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    Thanks for the links @RacingMat. Unfortunately google translate doesn't do a real good job of French translations - especially when they get technical. It is interesting to see others experimenting with steppers though.
  5. fzxj520

    fzxj520 Member

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    Great :thumbs This is what I expected
  6. sikjar

    sikjar Xiao Nie

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  7. Kirk

    Kirk Member

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    I have a whole bunch of those encoders, they are awesome for how cheap they are. It never occurred to me that they could be used for a wheel. I'm following this thread with great interest.

    While I already have a budget wheel (Logitech G27), but I'd LOVE to build a Tron bike sim someday, with force feedback on the handlebars. Being able to rig something up from parts found at a thrift store (broken bicycle) and a little PVC / fiberglass, well, that'd be quite awesome.
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  8. jaco73

    jaco73 New Member

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    interesting !! I continue to see as just: Thumbs
  9. RacingMat

    RacingMat Well-Known Member Gold Contributor

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    sorry for the short off topic
    I'm sure Kirk will open a dedicated thread if needed;)


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  10. RufusDufus

    RufusDufus Well-Known Member

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    Just a quick update. Testing is progressing slowly and looking promising. I have as yet not been able to eliminate the "notchy" sensation at high torque. I have tested alot of the individual components and am starting to believe it is coming from the cheap TB6600 stepper driver I am using.

    I will look into this further and let you know the results.
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  11. Archie

    Archie Eternal tinkerer

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  12. RacingMat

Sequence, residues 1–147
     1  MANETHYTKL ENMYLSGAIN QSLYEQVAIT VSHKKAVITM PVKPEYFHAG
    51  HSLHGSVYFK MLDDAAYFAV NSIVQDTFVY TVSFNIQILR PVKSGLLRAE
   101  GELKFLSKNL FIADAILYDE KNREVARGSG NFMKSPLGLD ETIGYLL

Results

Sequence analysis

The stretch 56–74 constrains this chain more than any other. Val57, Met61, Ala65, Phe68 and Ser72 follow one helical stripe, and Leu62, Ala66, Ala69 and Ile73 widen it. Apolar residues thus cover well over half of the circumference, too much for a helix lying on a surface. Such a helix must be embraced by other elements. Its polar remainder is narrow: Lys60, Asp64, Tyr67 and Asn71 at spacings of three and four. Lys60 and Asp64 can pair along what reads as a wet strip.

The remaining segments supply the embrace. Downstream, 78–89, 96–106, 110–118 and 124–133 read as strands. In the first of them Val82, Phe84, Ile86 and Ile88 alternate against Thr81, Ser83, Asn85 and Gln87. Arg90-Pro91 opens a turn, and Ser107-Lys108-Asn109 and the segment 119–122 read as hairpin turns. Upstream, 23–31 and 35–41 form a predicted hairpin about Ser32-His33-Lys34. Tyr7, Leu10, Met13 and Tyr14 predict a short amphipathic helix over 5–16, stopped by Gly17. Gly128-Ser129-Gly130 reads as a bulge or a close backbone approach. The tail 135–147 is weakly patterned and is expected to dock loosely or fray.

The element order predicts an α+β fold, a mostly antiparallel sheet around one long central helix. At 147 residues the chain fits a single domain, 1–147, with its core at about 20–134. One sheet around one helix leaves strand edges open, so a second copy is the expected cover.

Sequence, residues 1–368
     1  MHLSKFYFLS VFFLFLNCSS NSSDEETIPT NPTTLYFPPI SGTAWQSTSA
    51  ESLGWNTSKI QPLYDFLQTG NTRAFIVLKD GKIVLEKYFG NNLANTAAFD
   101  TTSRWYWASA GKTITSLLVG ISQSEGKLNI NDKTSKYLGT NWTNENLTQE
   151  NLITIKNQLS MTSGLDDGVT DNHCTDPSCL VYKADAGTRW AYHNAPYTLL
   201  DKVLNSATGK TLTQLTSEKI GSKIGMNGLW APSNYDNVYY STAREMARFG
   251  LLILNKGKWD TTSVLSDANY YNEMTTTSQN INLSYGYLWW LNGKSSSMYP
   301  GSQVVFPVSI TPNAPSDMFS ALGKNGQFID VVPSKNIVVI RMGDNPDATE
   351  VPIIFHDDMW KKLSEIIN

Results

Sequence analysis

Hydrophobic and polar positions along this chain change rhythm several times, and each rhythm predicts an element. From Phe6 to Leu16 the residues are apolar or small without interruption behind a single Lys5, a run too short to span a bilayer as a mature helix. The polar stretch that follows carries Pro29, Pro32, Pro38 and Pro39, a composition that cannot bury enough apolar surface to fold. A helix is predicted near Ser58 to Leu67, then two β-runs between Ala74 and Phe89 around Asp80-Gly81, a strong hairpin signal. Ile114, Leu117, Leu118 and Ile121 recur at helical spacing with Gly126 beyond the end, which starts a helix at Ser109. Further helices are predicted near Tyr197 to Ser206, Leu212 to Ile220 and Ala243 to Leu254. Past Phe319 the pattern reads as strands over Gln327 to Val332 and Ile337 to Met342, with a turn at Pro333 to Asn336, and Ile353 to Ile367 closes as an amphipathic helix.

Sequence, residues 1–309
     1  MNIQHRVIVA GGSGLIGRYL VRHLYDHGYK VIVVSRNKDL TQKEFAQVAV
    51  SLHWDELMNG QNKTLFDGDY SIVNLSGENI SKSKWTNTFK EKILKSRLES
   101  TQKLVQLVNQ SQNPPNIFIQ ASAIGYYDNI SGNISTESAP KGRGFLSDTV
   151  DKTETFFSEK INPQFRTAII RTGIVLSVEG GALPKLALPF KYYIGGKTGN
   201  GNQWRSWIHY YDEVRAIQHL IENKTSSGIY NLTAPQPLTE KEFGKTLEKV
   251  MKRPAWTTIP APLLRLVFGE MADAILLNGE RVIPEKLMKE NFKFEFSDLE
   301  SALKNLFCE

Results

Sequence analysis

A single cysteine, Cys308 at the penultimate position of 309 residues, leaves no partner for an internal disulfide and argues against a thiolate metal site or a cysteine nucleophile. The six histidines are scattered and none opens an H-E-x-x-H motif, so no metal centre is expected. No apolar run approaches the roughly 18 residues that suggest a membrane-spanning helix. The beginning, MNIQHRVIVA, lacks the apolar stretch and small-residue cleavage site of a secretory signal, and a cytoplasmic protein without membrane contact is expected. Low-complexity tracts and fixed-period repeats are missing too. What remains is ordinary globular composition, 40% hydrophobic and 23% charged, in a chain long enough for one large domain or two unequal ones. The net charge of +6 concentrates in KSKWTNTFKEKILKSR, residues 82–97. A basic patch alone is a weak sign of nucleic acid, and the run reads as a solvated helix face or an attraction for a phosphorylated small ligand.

RacingMat Well-Known Member Gold Contributor

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    Great!

    Are you talking about motor cogging?
  13. RufusDufus

    RufusDufus Well-Known Member

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    That is what it feels like, however I don't believe that is the cause. At the moment I think it is either my torque control loop or the stepper driver. Leaning more toward the stepper driver.
  14. sikjar

    sikjar Xiao Nie

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    Thank you for the update, following with interest :thumbs
  15. Evad

    Evad New Member

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    Following with interest.:) Would you be willing to share your arduino code?
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  16. Anders Nolberger

    Anders Nolberger New Member

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    I am also interested in any feedback on this. Is this driver any good for this purpose?
  17. RufusDufus

    RufusDufus Well-Known Member

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    The project has been on the shelf for a while. Hope to get back to it over Christmas.

    I can't comment on that controller as I don't read Chinese. As this is still in experimental phase I haven't yet worked out exactly what is needed for a properly working wheel.

    When I make progress I will be happy to post the details for anyone interested. :grin
  18. Evad

    Evad New Member

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    Hi Rufusdufus. I managed to get the encoder to work with the Mmos, as long as i pull the encoder signals high with the help of the arduino.

    Did You had to do that also or did you find an other way to get it to work
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  19. RufusDufus

    RufusDufus Well-Known Member

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    Sounds like you have progressed further than me, all my testing has just been with the arduino so far... but yes I used pullups with the encoder shown in earlier posts. I found a teardown of it on web... http://wemakethings.net/2014/05/26/rotary-encoder-teardown/

    What size stepper are you using?
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  20. Evad

    Evad New Member

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    Ha RufusDufus. Thanks for the link. That helped a lot. Im using a 34 zise stepper. Next goal is to make sense of the dir en pwm signal coming from the mmos.